What’s Going to Happen to Deaf Education?

from August 2003 Issue of Japanese Deaf News, JFD’s monthly newspaper:

Report on Recent Movements

More and more people are beginning to express concern about the current situation and future of Deaf education. Delegates from different parts of Japan to the General Assembly of the Japanese Federation of the Deaf (JFD), held in June in Yamanashi Prefecture, actively exchanged opinions on this issue. The General Assembly reached a consensus on the following points: (1) grave concern about the “Special Support Education” policy by the Ministry of Education, Culture, Sports, Science and Technology (MEXT), (2) clarification of JFD’s standpoint concerning the “Human Rights Relief Statement” submitted by the Japan Deaf Children and Parents Association to the Japan Federation of Bar Associations, (3) serious apprehensions about the newborn baby auditory screening test and cochlear implants, (4) need to guarantee substantial education to children with combined disabilities, (5) concern about the future of children who received education in a mainstream environment, and others.

The standpoint and views of JFD concerning these issues are explained in the Resolution of the National Congress of the Deaf entitled “Toward the Improvement and Development of Deaf Education”:

  1. To improve the role of the Deaf schools as a place for human development of Deaf children to become independent Deaf adults, as a place to deepen understanding about “Deafness” and “awareness of one’s disability”, as a place for empowering the students to live dignified lives as Deaf individuals.
  2. To ensure that Sign Language is recognized by the Deaf schools and to promote the teaching and diffusion of Sign Language in all the Deaf schools, including the kindergarten and pre-school classes, and to make Sign Language training compulsory for teachers of Deaf schools, and to set up a system to enable this training.
  3. To strengthen the cooperation between Deaf schools and Deaf organizations, welfare, medical and other related institutions, and to develop Deaf schools to become a center for educational needs in the community.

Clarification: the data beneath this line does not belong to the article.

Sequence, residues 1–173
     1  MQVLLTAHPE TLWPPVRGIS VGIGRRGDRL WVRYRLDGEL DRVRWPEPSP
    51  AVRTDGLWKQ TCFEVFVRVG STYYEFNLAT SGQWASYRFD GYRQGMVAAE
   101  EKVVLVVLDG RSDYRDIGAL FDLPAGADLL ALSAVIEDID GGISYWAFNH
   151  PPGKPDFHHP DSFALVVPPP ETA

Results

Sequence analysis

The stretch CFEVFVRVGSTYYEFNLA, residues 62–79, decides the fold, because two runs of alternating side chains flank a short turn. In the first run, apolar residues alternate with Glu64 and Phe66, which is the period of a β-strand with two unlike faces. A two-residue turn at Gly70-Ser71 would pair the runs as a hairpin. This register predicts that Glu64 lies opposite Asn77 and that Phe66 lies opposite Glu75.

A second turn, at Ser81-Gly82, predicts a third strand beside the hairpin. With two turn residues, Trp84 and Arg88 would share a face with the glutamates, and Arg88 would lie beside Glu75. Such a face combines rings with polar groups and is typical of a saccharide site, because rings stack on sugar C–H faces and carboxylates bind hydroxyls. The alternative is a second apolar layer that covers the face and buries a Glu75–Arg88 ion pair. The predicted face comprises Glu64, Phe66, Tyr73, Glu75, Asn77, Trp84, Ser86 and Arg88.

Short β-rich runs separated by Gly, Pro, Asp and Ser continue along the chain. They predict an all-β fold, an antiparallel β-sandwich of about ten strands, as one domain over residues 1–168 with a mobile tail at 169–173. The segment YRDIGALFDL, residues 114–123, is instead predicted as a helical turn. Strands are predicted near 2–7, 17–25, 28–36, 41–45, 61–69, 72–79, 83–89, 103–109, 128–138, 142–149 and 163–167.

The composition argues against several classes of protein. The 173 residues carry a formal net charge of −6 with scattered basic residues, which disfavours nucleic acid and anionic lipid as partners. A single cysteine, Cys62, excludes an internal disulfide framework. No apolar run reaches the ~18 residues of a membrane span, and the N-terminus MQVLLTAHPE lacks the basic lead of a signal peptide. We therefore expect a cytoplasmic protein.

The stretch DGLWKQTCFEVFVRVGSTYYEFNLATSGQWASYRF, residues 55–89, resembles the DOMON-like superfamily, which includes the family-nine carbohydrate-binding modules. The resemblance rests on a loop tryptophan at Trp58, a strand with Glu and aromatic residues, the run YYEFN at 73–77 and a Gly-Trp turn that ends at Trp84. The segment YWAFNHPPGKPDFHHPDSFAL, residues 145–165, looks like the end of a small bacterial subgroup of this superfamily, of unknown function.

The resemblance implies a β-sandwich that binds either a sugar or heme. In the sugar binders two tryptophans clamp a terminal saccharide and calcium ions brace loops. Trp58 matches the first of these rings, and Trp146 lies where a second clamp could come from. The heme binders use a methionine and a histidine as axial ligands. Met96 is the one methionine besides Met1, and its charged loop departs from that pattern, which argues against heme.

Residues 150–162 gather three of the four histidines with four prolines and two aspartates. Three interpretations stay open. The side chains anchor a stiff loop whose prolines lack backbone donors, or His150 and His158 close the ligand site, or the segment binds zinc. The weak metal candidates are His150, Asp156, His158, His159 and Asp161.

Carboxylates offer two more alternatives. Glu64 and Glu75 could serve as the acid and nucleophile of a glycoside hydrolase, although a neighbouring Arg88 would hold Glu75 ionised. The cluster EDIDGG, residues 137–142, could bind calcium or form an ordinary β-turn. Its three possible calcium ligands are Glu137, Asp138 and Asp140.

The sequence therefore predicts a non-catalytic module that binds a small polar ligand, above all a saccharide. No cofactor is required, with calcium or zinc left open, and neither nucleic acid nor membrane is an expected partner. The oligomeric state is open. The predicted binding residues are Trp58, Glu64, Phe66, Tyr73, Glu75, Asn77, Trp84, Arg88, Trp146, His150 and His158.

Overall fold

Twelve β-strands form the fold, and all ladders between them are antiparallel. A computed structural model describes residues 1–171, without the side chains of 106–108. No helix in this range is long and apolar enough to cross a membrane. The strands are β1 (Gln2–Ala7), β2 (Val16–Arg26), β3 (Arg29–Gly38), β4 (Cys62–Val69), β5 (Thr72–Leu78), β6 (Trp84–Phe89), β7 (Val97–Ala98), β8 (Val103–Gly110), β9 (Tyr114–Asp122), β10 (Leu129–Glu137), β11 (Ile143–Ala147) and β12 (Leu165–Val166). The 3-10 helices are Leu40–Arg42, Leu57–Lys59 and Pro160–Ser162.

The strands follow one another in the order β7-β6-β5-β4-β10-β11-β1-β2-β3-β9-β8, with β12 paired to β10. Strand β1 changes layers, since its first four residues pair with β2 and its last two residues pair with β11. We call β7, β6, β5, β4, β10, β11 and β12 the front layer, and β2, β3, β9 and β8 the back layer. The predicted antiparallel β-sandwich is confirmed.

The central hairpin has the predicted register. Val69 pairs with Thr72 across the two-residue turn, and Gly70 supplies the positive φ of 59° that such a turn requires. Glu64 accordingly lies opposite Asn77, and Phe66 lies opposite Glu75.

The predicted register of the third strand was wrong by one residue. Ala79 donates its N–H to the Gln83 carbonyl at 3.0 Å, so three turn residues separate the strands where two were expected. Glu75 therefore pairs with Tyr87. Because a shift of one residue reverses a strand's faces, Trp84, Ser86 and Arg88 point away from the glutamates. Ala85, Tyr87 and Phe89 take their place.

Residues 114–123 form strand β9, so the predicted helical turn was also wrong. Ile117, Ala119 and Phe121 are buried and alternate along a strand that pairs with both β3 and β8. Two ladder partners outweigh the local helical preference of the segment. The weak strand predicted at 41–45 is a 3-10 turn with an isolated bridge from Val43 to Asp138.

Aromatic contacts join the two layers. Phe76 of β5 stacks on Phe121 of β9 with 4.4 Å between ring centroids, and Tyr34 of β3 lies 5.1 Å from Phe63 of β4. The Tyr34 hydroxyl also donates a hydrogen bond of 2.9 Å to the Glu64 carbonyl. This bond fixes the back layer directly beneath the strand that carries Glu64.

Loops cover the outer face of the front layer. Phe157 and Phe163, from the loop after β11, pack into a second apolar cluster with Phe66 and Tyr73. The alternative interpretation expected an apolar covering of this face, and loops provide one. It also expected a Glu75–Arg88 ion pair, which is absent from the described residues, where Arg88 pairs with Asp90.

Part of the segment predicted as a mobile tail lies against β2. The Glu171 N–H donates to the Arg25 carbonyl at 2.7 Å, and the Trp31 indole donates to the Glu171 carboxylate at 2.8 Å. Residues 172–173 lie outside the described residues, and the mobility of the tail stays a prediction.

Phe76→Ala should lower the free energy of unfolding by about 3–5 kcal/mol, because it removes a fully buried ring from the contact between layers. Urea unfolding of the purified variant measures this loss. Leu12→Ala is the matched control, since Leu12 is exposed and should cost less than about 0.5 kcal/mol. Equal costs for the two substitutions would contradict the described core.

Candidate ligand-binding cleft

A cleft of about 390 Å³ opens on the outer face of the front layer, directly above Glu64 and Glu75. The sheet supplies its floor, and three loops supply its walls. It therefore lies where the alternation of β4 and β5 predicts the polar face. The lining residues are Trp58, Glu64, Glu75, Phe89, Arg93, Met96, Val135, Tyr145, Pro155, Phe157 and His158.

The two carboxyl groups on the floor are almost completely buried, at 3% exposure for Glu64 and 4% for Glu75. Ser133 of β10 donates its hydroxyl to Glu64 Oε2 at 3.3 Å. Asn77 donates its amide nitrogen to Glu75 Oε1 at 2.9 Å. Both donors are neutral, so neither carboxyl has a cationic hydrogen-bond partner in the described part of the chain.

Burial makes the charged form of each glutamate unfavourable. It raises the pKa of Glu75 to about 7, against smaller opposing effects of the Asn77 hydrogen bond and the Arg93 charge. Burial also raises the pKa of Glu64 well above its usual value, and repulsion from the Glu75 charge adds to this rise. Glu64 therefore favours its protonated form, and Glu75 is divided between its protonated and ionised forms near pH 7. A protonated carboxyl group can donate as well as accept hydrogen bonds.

4. To further improve education to meet the needs and characteristics of Deaf children and students with combined disabilities, and endeavor to guarantee vocational options or higher studies after graduation.
  5. To ensure that students with hearing impairments are not discriminated in any way in taking entrance examinations to higher schools by calling on all universities (including medical universities), colleges, junior colleges, vocational schools, etc. to open their doors to all, and to provide Sign Language interpretation, notetaking/realtime captioning, and other means to guarantee that Deaf students will be able to follow the classes.
  6. To ensure that Sign Language interpretation and/or realtime captioning is provided to meet the needs of the participants in all public lectures and lessons hosted by the Board of Education.
  7. To ensure that representatives of adult Deaf associations are included as members of all consultative bodies and research conferences related to the Deaf and hearing impaired persons, so that their experiences and opinions can be fully reflected in the discussions

The Japanese Federation of the Deaf has sent a petition to the Ministry of Education, Culture, Sports, Science and Technology containing the above points. JFD has long been stressing the need to use Sign Language in Deaf education, so that the issues stated in the recent “Human Rights Relief Statement” are nothing new. In order that all persons involved in Deaf education can share information, exchange opinions, and reach a common understanding, JFD holds the “”Future of Deaf Education Study Group” every summer.

Deaf education is evidently changing. It is important for Deaf adults to participate as members in the Research Meeting on Deaf Education, held in all parts of the country. We should follow the example of the Tokyo Federation of Deaf which has been sending a Deaf representative to the Research Meeting since 4 years ago.

This entry was posted in education, Japanese Deaf News. Bookmark the permalink.